Costs of Middle East Turmoil

An article in Slate argues that turmoil in the Middle East could lead to spikes in oil prices that could lead to worldwide stagflation. No argument there. The solution:

So a bold new assistance program should be designed for the region, modeled on the Marshall Plan in Western Europe after World War II, or on the support offered to Eastern Europe afterthe collapse of the Berlin Wall. Financing should come from the International Monetary Fund, the World Bank, the European Bank for Reconstruction and Development, as well as from the United States, the European Union, China, and the Gulf states. The goal should be to stabilize these countries’ economies as they undertake their delicate political transitions.

The Washington Post’s David Ignatius makes a similar argument with a bit more detail:

How to avoid a post-democratic crackup? What’s needed is a multilateral version of the Marshall Plan – that is, a framework of loans and other assistance that can steady the Arab countries as they make their transition to democracy and prosperity. America isn’t really an option; we don’t have the money, and our politicians wouldn’t want to give it to foreigners, anyway.

But I’m happy to report that there’s an answer to this Middle East puzzle. The institution that was created 20 years ago to oversee Eastern Europe’s transition, known as the European Bank for Reconstruction and Development (EBRD), is ready to take on this new mission. I talked Tuesday withThomas Mirow, its president, who said his organization is ready to act as a “bank for economic and political transition” in Egypt and neighboring countries.

The Europeans have the expertise. As Mirow notes, the new Arab democracies have the same problems that Eastern European countries did: weak private sectors; feeble small and medium-sized business; and poor infrastructure. The EBRD has the money, too, with about $17 billion in capital and the ability to raise far more from lenders. Mirow foresees providing about $1.4 billion to Egypt over the next several years, and up to twice that amount to neighboring countries. He’s already thinking about opening an office in Cairo, so that Arabs will see this “bank for transition” as their own.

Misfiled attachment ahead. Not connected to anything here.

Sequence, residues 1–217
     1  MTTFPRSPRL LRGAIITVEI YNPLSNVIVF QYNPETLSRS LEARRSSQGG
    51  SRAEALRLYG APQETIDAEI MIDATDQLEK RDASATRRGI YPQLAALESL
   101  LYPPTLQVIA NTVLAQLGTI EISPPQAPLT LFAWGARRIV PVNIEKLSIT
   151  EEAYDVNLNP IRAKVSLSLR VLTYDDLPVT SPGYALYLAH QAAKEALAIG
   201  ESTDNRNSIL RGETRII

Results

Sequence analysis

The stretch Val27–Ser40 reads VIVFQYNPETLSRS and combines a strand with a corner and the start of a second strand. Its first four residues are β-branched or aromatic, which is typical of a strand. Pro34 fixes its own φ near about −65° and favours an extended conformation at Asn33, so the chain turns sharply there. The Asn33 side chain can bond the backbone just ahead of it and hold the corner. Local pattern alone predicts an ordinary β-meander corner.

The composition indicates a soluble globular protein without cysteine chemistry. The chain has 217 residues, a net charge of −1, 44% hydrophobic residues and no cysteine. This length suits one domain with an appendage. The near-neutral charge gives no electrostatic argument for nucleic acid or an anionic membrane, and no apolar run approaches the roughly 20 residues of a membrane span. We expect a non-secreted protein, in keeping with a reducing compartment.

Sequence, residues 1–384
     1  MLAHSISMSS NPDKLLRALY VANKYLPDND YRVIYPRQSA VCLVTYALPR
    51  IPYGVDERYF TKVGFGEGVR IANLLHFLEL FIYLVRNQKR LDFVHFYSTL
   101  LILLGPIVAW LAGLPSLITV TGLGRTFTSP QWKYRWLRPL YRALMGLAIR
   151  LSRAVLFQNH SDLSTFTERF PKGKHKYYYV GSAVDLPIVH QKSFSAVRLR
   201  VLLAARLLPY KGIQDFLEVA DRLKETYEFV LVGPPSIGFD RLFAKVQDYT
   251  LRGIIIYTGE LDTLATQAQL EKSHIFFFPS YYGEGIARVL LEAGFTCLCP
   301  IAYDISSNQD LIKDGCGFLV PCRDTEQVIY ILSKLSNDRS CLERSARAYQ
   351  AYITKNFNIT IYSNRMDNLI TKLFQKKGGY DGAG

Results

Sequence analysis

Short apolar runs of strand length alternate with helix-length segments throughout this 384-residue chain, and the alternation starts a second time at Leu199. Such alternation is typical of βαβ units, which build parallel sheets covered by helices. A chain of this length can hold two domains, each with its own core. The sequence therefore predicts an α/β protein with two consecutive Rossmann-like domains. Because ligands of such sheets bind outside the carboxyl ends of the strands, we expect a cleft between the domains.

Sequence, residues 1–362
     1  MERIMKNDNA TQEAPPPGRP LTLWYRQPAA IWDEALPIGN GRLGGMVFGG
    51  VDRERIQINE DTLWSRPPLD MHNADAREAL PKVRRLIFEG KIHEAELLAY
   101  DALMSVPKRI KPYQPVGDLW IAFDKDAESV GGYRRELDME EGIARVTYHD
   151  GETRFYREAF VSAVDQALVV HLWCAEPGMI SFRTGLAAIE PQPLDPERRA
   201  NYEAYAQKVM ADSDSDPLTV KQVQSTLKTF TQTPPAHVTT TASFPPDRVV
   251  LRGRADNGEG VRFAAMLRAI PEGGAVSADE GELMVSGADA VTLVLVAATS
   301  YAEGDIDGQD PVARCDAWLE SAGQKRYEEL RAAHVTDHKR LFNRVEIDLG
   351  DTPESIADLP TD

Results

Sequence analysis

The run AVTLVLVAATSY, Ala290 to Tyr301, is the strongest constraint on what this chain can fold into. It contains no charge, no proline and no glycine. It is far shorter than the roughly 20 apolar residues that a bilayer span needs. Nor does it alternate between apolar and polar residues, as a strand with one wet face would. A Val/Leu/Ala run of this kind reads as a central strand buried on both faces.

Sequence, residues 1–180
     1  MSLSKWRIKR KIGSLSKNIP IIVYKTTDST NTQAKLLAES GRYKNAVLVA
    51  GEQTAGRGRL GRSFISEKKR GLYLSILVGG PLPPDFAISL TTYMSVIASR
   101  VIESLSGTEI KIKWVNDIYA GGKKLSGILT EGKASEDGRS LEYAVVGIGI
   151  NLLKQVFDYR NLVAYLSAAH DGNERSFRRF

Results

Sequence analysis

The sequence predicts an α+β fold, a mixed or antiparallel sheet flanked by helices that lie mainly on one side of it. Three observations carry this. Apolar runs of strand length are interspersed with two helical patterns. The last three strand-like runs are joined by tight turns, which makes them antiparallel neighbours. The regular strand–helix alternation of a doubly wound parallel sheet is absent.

White House officials like Mirow’s idea for assisting the new democracies of the Middle East. This approach avoids the stigma of assistance from the International Monetary Fund or the basket-case aura of aid from the World Bank. It puts Egypt and its neighbors in the same category as Poland or Bulgaria – countries whose economic and political systems were shattered by authoritarian rulers. Perhaps the European bank could partner with the Inter-American Development Bank, which has expertise in transition from “Peronist,” military-led systems.

One hates to be cynical, but…

The Marshall Plan was a unique situation. But besides the Marshall Plan, has the record of international development been terribly good? Are the great economic success stories successful because of aid? True, Japan and Europe benefitted heavily from American aid after WWII. But if those countries hadn’t destroyed themselves in the WWII, they would have been prosperous without American help. Since the fall of the Berlin Wall, many Eastern European countries have done well, but overall the record is a mixed-bag. Despite American aid, Russia’s wealth has primarily stemmed from energy exports – not reforming its economy and producing goods and services that are competitive in the world market.

The United States and the international community have sent billions in non-military aid to Pakistan (along with even more military aid). In particular, IMF aid to Pakistan is linked to reforms. But Pakistan resists these reforms because they would impinge on the prerogatives of key elements of Pakistan’s elites. The US, with varying degrees of intensity, has pushed similar reforms on the Egyptians. Is there any reason to believe the European Regional Development Bank will do better?